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Ivan Dixon, an actor-director who played Sgt. James Kinchloe on the 1960s sitcom "Hogan's Heroes" but whose films brought to life the story of black struggles in the South, died March 16 of kidney disease complications in Charlotte, N.C. He was 76.

In "Nothing but a Man," Dixon played a young railroad worker who gives up his job to marry a minister's daughter (Abbey Lincoln) and then runs into trouble for not knowing his place in the Deep South.

"The Spook Who Sat by the Door," based on the novel by Sam Greenlee, tells of Dan Freeman, the first black officer in the CIA. After five years of menial assignments, Freeman quits, takes what he has learned about terrorist tactics and goes to Chicago, where he tries to put together a black guerrilla operation.

Dixon began his career in theater. He played Joseph Asagai, a Nigerian student, in the original 1959 Broadway production of "A Raisin in the Sun" as well as in the 1961 film version.

Dixon directed episodes of "The Bill Cosby Show," "The Waltons," "The Rockford Files," "Magnum, P.I.," "Quincy, M.E." and "In the Heat of the Night."

"Hogan's Heroes" ran from 1965-71 on CBS and was nominated three times for the best comedy series Emmy.



Raymond E. Goldstone, an award- winning television writer, died March 13 of a heart attack and subsequent coronary arrest at Valley Presbyterian Hospital in Van Nuys, Calif. He was 88.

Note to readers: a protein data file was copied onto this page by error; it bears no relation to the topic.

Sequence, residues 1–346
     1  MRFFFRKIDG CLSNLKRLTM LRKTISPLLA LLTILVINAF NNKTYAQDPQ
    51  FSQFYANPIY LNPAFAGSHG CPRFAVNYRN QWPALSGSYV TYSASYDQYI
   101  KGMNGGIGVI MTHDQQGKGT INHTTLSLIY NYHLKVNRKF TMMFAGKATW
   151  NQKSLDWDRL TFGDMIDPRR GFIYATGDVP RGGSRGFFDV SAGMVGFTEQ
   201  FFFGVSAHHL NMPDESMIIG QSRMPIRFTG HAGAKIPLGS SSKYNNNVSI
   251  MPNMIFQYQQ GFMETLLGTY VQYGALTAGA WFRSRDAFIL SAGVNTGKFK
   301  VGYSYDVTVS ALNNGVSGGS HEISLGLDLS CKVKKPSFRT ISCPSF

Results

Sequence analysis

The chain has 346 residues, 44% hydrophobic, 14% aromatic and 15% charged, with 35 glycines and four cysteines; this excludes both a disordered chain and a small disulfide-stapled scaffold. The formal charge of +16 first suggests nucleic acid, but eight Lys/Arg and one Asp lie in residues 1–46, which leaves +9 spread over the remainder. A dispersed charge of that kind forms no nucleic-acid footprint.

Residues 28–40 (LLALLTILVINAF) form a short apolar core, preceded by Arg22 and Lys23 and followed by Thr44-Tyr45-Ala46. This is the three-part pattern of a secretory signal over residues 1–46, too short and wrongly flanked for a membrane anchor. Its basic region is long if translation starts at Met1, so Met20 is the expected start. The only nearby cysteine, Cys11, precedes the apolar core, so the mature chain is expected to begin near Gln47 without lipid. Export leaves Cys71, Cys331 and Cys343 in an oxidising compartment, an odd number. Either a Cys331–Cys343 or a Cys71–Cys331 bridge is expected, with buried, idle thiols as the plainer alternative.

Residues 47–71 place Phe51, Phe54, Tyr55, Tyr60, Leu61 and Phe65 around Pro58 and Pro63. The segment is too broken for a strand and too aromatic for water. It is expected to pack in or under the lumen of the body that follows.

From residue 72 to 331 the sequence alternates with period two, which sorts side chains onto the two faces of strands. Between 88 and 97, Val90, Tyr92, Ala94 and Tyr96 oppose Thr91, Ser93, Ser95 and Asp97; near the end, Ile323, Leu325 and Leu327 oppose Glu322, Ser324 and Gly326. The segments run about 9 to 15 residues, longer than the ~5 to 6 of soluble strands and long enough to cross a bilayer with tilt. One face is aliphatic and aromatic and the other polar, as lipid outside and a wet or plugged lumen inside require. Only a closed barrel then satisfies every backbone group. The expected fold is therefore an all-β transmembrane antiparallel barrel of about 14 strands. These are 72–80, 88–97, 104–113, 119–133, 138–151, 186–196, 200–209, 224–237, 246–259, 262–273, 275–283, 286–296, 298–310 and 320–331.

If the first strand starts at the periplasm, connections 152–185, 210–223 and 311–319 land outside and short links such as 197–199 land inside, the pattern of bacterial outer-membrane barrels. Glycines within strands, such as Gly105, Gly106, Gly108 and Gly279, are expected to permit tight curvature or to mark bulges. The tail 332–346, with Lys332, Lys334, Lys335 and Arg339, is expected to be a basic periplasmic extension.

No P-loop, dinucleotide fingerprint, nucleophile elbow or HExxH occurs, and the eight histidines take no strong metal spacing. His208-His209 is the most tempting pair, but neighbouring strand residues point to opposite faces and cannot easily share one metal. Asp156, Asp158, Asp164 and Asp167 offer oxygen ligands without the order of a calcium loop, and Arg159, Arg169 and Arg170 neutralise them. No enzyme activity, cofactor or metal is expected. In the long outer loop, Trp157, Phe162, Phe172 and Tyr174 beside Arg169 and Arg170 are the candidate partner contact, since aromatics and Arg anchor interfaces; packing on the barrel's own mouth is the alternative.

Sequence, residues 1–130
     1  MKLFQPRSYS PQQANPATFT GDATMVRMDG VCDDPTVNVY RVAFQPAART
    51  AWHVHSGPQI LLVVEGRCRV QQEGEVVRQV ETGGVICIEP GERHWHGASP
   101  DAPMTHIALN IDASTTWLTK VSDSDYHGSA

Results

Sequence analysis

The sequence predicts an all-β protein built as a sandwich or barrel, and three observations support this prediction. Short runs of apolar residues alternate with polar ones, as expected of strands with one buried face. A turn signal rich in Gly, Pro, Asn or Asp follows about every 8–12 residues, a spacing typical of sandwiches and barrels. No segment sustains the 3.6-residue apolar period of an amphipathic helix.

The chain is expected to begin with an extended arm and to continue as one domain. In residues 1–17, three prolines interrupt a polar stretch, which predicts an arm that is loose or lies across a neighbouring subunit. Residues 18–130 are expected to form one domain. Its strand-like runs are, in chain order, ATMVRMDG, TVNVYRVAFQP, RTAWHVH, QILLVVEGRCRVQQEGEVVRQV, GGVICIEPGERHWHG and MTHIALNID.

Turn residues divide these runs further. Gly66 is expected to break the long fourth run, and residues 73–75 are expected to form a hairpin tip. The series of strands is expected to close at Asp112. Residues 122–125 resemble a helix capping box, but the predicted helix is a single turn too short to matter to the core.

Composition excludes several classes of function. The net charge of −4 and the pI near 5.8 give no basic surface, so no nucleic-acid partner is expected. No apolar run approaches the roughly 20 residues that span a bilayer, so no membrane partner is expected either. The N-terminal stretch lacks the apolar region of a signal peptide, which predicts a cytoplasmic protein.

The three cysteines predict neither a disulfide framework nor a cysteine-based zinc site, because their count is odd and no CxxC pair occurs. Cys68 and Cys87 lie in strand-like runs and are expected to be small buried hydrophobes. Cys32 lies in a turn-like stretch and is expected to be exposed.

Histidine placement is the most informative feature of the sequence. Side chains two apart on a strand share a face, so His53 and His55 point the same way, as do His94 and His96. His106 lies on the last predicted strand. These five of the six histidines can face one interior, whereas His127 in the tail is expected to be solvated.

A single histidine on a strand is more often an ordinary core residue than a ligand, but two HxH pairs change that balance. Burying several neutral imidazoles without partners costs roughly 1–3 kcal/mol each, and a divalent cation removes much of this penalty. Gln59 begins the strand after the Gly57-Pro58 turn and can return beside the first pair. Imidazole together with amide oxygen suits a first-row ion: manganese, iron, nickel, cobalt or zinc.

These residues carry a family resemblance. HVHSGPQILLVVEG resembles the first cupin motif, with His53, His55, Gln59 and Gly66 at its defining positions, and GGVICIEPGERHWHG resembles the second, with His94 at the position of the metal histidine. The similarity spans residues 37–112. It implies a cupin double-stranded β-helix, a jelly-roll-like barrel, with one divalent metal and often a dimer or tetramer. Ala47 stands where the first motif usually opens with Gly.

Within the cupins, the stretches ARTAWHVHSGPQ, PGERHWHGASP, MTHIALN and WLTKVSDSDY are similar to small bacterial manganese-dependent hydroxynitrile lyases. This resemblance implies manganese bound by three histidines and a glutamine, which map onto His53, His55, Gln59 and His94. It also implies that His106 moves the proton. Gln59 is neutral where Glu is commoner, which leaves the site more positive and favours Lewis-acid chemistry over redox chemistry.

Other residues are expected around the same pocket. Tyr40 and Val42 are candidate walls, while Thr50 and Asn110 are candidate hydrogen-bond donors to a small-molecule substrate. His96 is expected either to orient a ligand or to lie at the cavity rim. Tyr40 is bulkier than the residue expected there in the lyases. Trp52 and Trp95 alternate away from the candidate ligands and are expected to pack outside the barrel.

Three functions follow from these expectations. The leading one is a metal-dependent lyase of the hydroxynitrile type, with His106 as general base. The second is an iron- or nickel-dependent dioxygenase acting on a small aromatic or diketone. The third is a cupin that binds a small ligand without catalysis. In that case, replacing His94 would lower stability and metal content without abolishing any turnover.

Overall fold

He broke in as a story analyst at Warner Bros. in the 1950s and in 1970 joined the writing staff of "Love Is a Many-Splendored Thing." From 1973-76, Goldstone worked on the writing staff of "Search for Tomorrow," where he shared a Writers Guild Award. Later he was a writer or head writer on "Days of Our Lives," "General Hospital," "Knots Landing" and "Falcon Crest."

In 1979, he co-wrote the action-disaster miniseries "The Night the Bridge Fell Down."



Wilfred Middlebrooks, a bassist who backed Ella Fitzgerald for many years, died March 13 of cardiac arrest at Huntington Memorial Hospital in Pasadena. He was 74.

A native of Chattanooga, Tenn., Middlebrooks played bass and tuba in an Army band. After the service he settled in Los Angeles, where he and saxophonist Eric Dolphy played in a band at the Oasis Club.

Middlebrooks went on to tour and record with Fitzgerald and perform in Los Angeles as a member of the Paul Smith trio.



George Justin, a prolific production executive and producer for many decades, died March 9 in Santa Monica. He was 92.

Justin played a key role in New York filmmaking in the 1950s and '60s. As production manager, associate producer or producer, Justin worked on such watershed films as Elia Kazan's "On the Waterfront" and "A Face in the Crowd"; Sidney Lumet's "12 Angry Men," "Long Day's Journey Into Night" and "The Fugitive Kind"; and Paddy Chayefsky's "The Goddess" and "Middle of the Night." Later, in Los Angeles, he served as a production executive for several major studios on many boxoffice successes.



Frank Berger, a psychiatrist who discovered the once-popular tranquilizer Miltown, died March 23 after a heart attack at his home in New York. He was 94.

Berger was an anonymous researcher in England when he noticed that a chemical he was working with, myanesin, had a tranquilizing effect on laboratory animals.

Years later, it had became Wyeth's Miltown, and quickly won favor in Hollywood. A drugstore at Sunset and Gower "splashed huge red letters across its window when a shipment arrived: 'Yes, we have Miltown,' " Time magazine noted in the early 1960s.
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